No one wants to deal with a leaky roof. But, eventually, your roof will need repairs, especially if you live in an older flat or an area that has its share of nasty weather.
One common theme among both leaseholders and freeholders is who is responsible for roof repairs in a flat or a house? The answer is complicated and not always clear. This article will examine the debate, along with different scenarios, to find the answer to that question.
What is the Difference Between a Freeholder, Leaseholder, and Flat Owner?
Before diving into the discussion of responsibility, we will begin by taking a look at the difference between property owners and tenants.
The concept of freeholder goes back hundreds of years, to medieval times, when landholders owned large estates. Tenants leased the land and paid rent to the landowner. Any improvements upon the land belonged to the owner of the estate. In current times, the freeholder might mean the person who owns only the land, or they may hold both the land and the building on it.
A landlord typically owns the building. They may also hold title to the land (freeholder). If not, they lease the land and pay rent to the freeholder. Or, they might be employed by the freeholder to manage the building and the land.
Also known as a “flat owner”, the leaseholder has purchased a long-term lease, typically no shorter than 25 years. The leaseholder may live in the flat or rent it to someone else on a short-term lease.
The leaseholder agreement will specify who is responsible for land upkeep, repairs to the building’s structure, including the roof, and repairs to the flat’s interiors.
Usually, the freeholder or landlord is responsible for the repairs to the outside of the building, such as the siding and roof. They are also responsible for the upkeep of common areas in the building, including the entrance, stairways, hallways, and lifts.
The leaseholder or flat owner takes care of repairs in the part of the building that they “own”, which involves appliances, plasterboard, plumbing, wiring, ceilings, floors, painting, and decorating.
“One Up, One Down” Properties
Also known as maisonettes, the flat owner is responsible for their level with one up, one down houses, including the exterior. The top floor owner would be responsible for the roof, and the bottom floor owner is accountable for the foundation. Both parties pay rent to the freeholder for the use of the land.
Paying for Roof Repairs
Landlords are usually responsible for insuring the building. If roof damage is due to an accident, the building insurance may cover the repairs.
Even if the landlord or freeholder is responsible for organizing and paying for roof repairs, the leaseholder or tenants may need to contribute to the cost.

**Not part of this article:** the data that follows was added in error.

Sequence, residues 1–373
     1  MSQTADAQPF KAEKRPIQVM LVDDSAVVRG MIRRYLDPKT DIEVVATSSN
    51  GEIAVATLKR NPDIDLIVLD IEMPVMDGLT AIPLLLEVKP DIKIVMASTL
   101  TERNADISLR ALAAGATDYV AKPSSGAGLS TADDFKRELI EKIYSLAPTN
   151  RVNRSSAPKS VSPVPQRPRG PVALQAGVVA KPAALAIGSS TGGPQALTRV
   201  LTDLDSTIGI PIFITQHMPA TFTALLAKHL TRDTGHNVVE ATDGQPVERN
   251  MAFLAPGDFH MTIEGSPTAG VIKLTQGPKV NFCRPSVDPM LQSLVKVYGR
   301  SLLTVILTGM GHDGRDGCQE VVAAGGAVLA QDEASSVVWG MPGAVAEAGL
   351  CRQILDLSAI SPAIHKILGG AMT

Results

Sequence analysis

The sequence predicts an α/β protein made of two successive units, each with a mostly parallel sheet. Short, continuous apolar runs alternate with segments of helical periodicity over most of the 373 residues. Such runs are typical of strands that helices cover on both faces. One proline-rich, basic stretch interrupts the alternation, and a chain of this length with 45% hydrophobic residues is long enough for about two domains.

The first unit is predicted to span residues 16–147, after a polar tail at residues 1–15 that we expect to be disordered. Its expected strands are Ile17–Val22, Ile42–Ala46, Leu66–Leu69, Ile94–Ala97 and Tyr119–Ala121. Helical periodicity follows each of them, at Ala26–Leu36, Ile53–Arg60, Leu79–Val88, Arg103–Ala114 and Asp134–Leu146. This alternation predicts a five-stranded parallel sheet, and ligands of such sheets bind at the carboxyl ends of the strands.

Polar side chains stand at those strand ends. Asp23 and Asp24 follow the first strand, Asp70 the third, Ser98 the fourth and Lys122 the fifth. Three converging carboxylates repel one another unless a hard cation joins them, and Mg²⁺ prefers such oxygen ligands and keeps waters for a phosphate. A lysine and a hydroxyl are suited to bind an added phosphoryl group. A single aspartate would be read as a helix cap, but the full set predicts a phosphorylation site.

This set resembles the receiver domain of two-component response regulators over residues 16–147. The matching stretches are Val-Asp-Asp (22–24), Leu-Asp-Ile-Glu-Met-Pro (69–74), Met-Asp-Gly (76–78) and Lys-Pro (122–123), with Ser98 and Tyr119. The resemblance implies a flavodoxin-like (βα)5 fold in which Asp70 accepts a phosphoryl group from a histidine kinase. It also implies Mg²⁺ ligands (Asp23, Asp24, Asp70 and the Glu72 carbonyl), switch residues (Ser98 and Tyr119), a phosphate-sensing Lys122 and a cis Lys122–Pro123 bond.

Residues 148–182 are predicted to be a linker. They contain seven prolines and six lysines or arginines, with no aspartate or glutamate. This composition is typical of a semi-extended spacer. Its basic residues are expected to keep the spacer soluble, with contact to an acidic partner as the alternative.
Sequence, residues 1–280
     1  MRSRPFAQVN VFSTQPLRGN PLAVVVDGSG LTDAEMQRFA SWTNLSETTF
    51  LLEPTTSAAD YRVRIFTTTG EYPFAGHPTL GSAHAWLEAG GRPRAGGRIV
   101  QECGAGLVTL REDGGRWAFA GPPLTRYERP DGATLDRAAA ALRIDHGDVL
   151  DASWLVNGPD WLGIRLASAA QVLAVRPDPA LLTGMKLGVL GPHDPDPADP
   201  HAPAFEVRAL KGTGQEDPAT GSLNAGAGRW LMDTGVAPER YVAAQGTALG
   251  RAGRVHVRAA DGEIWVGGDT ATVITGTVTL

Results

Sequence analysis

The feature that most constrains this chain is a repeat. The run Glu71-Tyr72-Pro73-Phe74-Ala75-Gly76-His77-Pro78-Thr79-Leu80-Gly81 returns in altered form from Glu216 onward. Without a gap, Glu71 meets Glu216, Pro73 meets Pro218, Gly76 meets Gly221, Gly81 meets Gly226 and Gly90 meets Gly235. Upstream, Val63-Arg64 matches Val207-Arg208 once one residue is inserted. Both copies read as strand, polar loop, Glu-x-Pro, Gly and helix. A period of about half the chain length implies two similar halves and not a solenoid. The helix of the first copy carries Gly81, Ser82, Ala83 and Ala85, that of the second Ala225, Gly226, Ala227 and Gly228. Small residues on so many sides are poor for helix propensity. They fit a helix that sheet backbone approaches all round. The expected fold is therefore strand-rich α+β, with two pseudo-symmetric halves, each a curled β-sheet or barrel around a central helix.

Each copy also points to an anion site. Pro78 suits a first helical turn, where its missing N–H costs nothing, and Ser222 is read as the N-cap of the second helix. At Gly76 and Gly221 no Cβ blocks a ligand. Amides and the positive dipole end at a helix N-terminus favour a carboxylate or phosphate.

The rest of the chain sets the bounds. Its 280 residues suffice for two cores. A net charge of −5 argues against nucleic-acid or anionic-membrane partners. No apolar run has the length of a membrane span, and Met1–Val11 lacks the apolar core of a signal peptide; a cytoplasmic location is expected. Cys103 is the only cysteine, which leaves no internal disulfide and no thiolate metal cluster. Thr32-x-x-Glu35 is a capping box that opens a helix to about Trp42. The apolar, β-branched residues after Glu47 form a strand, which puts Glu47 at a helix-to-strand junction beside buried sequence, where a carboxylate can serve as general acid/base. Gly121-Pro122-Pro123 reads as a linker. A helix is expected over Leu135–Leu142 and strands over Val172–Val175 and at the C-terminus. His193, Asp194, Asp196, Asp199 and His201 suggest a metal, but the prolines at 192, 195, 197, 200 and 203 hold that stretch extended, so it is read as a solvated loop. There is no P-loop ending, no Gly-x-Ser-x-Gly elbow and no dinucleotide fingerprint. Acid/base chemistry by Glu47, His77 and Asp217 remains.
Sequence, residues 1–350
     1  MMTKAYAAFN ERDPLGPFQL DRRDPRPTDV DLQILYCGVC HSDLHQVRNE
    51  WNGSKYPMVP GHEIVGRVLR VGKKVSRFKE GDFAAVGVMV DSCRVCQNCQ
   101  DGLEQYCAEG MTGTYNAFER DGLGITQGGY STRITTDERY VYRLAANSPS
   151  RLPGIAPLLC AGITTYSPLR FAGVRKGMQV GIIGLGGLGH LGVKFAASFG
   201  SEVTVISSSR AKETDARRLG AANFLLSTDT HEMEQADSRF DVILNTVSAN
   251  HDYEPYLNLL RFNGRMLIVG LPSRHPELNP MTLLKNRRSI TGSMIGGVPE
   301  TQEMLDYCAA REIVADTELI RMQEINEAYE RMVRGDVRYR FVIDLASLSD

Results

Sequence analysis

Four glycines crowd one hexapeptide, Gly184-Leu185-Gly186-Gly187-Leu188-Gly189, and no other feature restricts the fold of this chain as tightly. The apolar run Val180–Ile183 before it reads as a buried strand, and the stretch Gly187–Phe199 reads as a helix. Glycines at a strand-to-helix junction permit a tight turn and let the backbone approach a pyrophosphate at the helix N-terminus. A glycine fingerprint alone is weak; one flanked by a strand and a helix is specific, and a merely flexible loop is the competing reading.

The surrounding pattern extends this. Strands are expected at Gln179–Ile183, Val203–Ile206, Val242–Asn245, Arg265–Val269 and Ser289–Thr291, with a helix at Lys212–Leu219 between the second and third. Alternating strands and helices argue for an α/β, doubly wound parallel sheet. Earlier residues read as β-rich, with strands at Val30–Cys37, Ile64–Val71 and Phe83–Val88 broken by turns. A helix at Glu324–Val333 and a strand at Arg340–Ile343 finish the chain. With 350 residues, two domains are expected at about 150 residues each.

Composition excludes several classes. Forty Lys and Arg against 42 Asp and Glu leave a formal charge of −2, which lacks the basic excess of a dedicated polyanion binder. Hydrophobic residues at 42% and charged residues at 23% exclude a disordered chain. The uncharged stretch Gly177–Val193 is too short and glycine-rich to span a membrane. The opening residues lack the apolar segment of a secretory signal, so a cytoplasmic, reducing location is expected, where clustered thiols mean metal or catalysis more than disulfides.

Most leaseholders will pay into a reserve fund or sinking fund through service charges. This fund will cover the cost of the repairs or anything that is not covered by insurance.
Suppose the leaseholder is responsible for covering repair costs through the reserve fund. In that case, the law requires the landlord or freeholder to inform the leaseholder in writing if repairs are more than £250. The leaseholder then has 30 days to respond with any concerns and make suggestions regarding the repair and contractors that are used.
Reporting Roof Problems to Your Landlord
If you have a leaking roof, you know it needs to be repaired quickly to prevent damage to the interior of your flat and belongings.
Contact your landlord in writing specifying the following:
- Details regarding the location of the damage.
- Whether a storm or weather-related event caused the damage.
- The section of the lease that spells out the landlord’s responsibility for roof repairs
- A reasonable timeline for repairs to be completed
Be sure to keep copies of all correspondence between you and your landlord.
What if the Freeholder Refuses Responsibility for Roof Repairs?
If the freeholder does not do the required repairs, then they are not fulfilling their legal obligations, and you may need to pursue legal action. Get the advice of a solicitor. A landlord will usually want to avoid a long and expensive court process, and the threat alone may pressure them into rectifying the situation.
You may also be able to report the problem to your local council’s environmental health department if the unrepaired roof is a danger to your safety and health. They may send someone to inspect the damage and force the freeholder to take action. Even if the leaseholder is responsible for full or partial payment of repairs, it is up to the freeholder to ensure the completion of the repairs.
Contact Us For Roof Repairs
Looking for contractors to repair your roof is time-consuming, and the repairs can be costly. Instead of doing all the leg work yourself, let Roofing Costs do it for you. We have an extensive network of roofers, and we will do the hard work of getting quotes from reputable roofers in your area.
We are trusted by UK homeowners and will save you £ 1,000’s on your roofing project. We offer to connect you with roofers in your area. If you are unsure where to start, we will discuss your project and different options.
Consult your lease agreement if you are a leaseholder, and your roof needs replaced or repaired. In most cases, the freeholder or landlord is responsible for damages to the house’s exterior or common areas. Even if your landlord is responsible for organizing the repair, leaseholders may be required to share in the cost by paying into a building reserve fund.
Leaseholders may also have the right to consult with the landlord regarding who will do the repairs. Whether you’re a freeholder or leaseholder, we will do the hard work of finding the right pro for your needs and save you money in the process. Contact us today for your free, no-obligation quote.